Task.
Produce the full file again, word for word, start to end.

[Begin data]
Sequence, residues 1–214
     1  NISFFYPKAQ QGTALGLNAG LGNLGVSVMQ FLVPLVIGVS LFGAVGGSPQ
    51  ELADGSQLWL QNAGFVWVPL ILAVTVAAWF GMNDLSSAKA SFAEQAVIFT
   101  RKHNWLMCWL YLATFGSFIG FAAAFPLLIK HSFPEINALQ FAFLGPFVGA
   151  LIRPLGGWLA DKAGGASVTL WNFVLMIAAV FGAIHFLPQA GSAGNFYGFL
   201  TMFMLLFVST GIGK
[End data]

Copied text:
Sequence, residues 1–214
     1  NISFFYPKAQ QGTALGLNAG LGNLGVSVMQ FLVPLVIGVS LFGAVGGSPQ
    51  ELADGSQLWL QNAGFVWVPL ILAVTVAAWF GMNDLSSAKA SFAEQAVIFT
   101  RKHNWLMCWL YLATFGSFIG FAAAFPLLIK HSFPEINALQ FAFLGPFVGA
   151  LIRPLGGWLA DKAGGASVTL WNFVLMIAAV FGAIHFLPQA GSAGNFYGFL
   201  TMFMLLFVST GIGK